I start with a red, a green and a blue marble. I can trade any of my marbles for two others, one of each colour. Can I end up with five more blue marbles than red after a number of such trades?
I start with a red, a blue, a green and a yellow marble. I can
trade any of my marbles for three others, one of each colour. Can I
end up with exactly two marbles of each colour?
What does logic mean to us and is that different to mathematical logic? We will explore these questions in this article.
Imagine we have four bags containing numbers from a sequence. What numbers can we make now?
Here are some examples of 'cons', and see if you can figure out where the trick is.
Take any whole number between 1 and 999, add the squares of the
digits to get a new number. Make some conjectures about what
happens in general.
Spotting patterns can be an important first step - explaining why it is appropriate to generalise is the next step, and often the most interesting and important.
Caroline and James pick sets of five numbers. Charlie chooses three of them that add together to make a multiple of three. Can they stop him?
Nine cross country runners compete in a team competition in which
there are three matches. If you were a judge how would you decide
who would win?
If you know the sizes of the angles marked with coloured dots in
this diagram which angles can you find by calculation?
Use the numbers in the box below to make the base of a top-heavy
pyramid whose top number is 200.
Powers of numbers behave in surprising ways. Take a look at some of these and try to explain why they are true.
A little bit of algebra explains this 'magic'. Ask a friend to pick 3 consecutive numbers and to tell you a multiple of 3. Then ask them to add the four numbers and multiply by 67, and to tell you. . . .
This article introduces the idea of generic proof for younger children and illustrates how one example can offer a proof of a general result through unpacking its underlying structure.
Imagine we have four bags containing a large number of 1s, 4s, 7s and 10s. What numbers can we make?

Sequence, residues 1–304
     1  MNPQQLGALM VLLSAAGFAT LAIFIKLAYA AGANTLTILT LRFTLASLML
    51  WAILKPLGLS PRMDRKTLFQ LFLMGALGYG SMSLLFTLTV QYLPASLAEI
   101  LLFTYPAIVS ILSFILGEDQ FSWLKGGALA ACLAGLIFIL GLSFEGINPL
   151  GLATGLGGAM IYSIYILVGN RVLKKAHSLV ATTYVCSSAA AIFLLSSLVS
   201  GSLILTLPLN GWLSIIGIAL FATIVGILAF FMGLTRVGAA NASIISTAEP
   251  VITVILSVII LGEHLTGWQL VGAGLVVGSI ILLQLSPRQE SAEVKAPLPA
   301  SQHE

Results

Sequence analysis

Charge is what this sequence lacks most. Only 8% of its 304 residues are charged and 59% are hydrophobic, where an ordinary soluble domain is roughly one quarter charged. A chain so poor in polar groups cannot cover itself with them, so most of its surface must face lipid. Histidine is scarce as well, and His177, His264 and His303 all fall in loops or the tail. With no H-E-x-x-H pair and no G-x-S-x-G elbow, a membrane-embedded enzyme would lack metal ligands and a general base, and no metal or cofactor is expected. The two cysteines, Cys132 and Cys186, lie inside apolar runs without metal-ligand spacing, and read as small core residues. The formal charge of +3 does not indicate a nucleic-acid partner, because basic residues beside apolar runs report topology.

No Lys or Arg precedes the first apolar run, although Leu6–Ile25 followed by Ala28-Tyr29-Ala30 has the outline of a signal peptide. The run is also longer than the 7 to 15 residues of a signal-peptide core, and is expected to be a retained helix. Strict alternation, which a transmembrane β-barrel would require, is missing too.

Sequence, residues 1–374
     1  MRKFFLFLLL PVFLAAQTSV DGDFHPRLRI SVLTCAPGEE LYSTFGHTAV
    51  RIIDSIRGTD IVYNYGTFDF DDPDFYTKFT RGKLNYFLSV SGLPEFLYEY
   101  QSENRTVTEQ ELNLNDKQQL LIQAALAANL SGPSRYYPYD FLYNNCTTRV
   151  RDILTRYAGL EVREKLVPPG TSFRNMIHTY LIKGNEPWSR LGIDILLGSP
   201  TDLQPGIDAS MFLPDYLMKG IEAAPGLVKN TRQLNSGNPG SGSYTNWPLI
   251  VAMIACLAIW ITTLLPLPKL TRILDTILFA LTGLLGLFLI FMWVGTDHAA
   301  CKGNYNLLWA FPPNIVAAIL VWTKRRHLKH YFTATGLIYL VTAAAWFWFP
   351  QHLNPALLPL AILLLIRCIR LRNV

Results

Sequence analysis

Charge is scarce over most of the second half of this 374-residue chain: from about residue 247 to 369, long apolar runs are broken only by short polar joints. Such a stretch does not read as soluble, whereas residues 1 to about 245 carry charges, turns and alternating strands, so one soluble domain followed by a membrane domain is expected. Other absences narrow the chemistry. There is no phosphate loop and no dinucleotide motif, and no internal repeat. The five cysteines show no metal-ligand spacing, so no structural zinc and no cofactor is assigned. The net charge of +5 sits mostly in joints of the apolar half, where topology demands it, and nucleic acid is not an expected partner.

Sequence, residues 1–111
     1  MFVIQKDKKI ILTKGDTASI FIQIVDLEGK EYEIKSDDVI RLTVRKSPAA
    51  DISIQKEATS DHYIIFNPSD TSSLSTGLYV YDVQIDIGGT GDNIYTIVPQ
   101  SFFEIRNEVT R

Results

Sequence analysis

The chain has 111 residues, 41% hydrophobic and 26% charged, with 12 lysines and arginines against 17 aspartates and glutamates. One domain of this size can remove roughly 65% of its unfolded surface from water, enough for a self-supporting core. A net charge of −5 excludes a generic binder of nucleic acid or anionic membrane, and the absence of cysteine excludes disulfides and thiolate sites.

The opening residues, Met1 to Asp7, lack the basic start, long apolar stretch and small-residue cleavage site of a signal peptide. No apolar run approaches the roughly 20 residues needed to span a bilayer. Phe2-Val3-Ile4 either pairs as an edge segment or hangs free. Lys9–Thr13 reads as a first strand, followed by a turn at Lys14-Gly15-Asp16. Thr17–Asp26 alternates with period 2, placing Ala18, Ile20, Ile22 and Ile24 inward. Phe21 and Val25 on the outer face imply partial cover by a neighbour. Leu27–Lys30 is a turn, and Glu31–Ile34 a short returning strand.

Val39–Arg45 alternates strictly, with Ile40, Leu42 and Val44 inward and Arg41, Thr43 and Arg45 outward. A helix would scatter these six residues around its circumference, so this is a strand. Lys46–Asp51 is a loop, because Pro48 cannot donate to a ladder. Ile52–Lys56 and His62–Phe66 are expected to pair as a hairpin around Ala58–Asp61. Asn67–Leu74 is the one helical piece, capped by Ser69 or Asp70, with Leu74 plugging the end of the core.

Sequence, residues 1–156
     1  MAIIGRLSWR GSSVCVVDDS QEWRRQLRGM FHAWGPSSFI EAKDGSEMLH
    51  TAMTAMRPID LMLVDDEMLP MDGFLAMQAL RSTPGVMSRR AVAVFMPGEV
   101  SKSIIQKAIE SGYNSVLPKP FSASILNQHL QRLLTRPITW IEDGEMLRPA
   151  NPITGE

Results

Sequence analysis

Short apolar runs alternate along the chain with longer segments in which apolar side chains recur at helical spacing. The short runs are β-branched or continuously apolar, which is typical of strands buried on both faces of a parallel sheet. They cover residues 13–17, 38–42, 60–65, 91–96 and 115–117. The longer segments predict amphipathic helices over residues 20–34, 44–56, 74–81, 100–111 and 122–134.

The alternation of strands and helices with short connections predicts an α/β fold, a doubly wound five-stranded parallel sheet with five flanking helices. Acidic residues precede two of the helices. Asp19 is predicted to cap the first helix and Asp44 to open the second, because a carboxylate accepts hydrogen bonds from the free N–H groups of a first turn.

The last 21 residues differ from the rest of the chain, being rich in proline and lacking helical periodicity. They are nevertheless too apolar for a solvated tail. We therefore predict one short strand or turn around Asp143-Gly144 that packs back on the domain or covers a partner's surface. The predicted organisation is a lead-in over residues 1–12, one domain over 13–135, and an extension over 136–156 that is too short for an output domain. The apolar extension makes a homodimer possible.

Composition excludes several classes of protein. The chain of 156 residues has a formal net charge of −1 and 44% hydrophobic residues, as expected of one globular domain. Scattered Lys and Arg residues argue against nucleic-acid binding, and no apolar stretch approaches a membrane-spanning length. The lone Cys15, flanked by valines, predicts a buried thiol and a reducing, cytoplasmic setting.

A standard die has the numbers 1, 2 and 3 are opposite 6, 5 and 4 respectively so that opposite faces add to 7? If you make standard dice by writing 1, 2, 3, 4, 5, 6 on blank cubes you will find. . . .
What happens when you add three numbers together? Will your answer be odd or even? How do you know?
Which set of numbers that add to 10 have the largest product?
From a group of any 4 students in a class of 30, each has exchanged
Christmas cards with the other three. Show that some students have
exchanged cards with all the other students in the class. How. . . .
Can you arrange the numbers 1 to 17 in a row so that each adjacent
pair adds up to a square number?
You have been given nine weights, one of which is slightly heavier
than the rest. Can you work out which weight is heavier in just two
weighings of the balance?
We have exactly 100 coins. There are five different values of
coins. We have decided to buy a piece of computer software for
39.75. We have the correct money, not a penny more, not a penny
less! Can. . . .
You can work out the number someone else is thinking of as follows. Ask a friend to think of any natural number less than 100. Then ask them to tell you the remainders when this number is divided by. . . .
What can you say about the angles on opposite vertices of any
cyclic quadrilateral? Working on the building blocks will give you
insights that may help you to explain what is special about them.
A paradox is a statement that seems to be both untrue and true at the same time. This article looks at a few examples and challenges you to investigate them for yourself.
When number pyramids have a sequence on the bottom layer, some interesting patterns emerge...